Biliary Atresia

Biliary Atresia is a topic covered in the Select 5-Minute Pediatrics Topics.

To view the entire topic, please or purchase a subscription.

5-Minute Clinical Consult (5MCC) app and website powered by Unbound Medicine helps you diagnose and manage 900+ medical conditions. Exclusive bonus features include Diagnosaurus DDx, 200 pediatrics topics, and medical news feeds. Explore these free sample topics:

5-Minute Clinical Consult

-- The first section of this topic is shown below --

Basics

Description

Biliary atresia (BA) is a congenital disease characterized by fibrosis, obstruction, and obliteration of the biliary system that is universally fatal without intervention.

Epidemiology

  • BA accounts for approximately 30% of cases of neonatal cholestasis.
  • BA is the most common cause of persistent cholestasis in infants and children and the most frequent indication for pediatric liver transplantation.
  • The disease affects 1:8,000 to 1:18,000 live births.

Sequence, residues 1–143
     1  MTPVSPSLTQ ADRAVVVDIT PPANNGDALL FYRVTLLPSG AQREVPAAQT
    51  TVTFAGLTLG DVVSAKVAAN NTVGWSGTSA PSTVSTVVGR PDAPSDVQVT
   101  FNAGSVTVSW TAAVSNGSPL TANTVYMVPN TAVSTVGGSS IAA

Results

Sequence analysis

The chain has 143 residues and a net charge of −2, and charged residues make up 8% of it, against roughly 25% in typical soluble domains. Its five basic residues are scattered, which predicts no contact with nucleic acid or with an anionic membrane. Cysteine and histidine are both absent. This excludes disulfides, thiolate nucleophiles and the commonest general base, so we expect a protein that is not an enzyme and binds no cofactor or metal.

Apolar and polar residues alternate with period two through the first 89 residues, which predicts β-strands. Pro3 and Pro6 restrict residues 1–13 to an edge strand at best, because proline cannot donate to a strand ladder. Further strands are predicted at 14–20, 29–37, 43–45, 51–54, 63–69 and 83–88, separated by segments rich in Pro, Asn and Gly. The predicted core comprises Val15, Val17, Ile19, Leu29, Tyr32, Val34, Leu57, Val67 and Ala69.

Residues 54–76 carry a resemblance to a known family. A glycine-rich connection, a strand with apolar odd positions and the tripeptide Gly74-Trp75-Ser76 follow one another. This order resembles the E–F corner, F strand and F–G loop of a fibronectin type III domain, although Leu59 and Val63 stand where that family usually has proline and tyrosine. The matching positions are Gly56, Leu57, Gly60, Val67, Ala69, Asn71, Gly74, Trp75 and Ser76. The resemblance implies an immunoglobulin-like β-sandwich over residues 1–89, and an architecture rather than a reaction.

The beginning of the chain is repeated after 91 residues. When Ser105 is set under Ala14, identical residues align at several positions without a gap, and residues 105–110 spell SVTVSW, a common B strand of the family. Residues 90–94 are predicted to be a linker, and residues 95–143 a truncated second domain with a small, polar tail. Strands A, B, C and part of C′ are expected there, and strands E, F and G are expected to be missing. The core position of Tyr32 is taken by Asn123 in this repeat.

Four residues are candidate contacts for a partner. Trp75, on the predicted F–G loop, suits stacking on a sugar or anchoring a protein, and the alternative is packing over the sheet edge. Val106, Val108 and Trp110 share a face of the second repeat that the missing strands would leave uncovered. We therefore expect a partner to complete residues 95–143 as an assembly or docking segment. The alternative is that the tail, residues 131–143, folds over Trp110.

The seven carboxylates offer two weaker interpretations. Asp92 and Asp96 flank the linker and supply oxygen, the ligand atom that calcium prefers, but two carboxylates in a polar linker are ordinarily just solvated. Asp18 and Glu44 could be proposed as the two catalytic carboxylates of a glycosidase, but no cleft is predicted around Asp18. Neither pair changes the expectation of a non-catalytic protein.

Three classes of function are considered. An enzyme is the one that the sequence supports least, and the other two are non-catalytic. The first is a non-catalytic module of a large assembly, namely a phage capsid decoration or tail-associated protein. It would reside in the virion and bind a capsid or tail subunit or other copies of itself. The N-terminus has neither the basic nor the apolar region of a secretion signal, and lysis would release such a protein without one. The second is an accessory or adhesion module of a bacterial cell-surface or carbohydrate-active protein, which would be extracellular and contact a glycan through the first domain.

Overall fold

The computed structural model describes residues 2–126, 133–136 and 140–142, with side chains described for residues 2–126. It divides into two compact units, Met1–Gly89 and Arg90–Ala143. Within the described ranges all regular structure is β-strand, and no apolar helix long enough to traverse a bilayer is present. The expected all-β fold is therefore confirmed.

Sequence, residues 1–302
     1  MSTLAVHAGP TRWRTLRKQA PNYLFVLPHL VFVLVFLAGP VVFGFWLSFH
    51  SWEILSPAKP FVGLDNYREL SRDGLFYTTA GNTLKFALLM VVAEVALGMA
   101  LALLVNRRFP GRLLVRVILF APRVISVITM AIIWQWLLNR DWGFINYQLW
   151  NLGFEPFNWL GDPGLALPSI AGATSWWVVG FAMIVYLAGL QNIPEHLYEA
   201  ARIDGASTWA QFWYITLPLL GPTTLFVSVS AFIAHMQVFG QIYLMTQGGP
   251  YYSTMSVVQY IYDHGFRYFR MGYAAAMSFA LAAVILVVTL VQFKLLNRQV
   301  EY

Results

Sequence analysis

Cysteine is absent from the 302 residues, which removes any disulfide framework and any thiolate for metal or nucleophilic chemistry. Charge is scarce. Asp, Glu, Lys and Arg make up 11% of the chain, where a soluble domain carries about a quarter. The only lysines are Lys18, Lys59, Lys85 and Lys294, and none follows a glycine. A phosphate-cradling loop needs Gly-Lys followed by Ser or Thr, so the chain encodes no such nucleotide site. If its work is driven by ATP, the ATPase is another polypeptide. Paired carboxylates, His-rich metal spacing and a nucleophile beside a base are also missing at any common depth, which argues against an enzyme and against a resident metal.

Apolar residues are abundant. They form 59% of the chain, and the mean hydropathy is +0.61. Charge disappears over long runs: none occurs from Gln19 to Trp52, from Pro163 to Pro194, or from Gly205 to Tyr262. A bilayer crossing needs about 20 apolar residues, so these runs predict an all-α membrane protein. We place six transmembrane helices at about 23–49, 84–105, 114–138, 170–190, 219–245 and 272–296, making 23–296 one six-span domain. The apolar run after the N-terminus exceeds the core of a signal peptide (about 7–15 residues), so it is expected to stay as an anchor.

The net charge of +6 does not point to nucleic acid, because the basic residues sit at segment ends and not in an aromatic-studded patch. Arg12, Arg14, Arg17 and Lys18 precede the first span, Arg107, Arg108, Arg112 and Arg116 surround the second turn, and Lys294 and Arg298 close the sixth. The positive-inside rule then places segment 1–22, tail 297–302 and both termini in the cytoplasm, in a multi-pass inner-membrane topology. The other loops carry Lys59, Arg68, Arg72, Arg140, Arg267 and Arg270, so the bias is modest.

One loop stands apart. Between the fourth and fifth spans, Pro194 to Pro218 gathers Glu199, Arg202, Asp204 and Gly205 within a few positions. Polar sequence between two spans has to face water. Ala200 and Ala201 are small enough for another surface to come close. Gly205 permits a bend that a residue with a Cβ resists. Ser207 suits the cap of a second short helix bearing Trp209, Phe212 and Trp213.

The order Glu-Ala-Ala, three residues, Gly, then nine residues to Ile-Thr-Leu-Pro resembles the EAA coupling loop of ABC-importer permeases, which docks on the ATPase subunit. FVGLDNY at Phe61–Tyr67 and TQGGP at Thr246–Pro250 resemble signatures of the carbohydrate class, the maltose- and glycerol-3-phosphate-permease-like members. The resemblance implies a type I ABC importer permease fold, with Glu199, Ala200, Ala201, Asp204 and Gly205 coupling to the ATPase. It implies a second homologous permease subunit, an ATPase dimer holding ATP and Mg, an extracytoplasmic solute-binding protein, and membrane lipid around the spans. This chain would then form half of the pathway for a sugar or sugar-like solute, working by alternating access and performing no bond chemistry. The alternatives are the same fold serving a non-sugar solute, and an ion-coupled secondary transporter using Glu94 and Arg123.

Risk Factors

Genetics

  • No single genetic mutation has been identified as the sole cause of BA, and there is no clear pattern of inheritance.
  • Genes influencing morphogenesis may contribute to pathophysiology.

Pathophysiology

  • Biliary obstruction begins at, or near, the time of birth and progresses throughout early infancy, leading to damage and ultimately scarring of liver parenchyma.
  • Approximately 20% of biliary patients have at least one other major congenital anomaly (i.e., embryonal form) including splenic malformation, interrupted inferior vena cava, midline liver, situs inversus, preduodenal portal vein, and intestinal malrotation.
  • More common form is the perinatal form that is not associated with malformations.

Etiology

Etiology is not completely defined, but many different pathogenic mechanisms have been proposed, including the following:

  • Perinatal infection of the liver and biliary tract with potential organisms including cytomegalovirus, rotavirus, and reovirus
  • Immune dysregulation
  • Defective morphogenesis
  • Environmental toxin exposure
  • Vascular insufficiency

-- To view the remaining sections of this topic, please or purchase a subscription --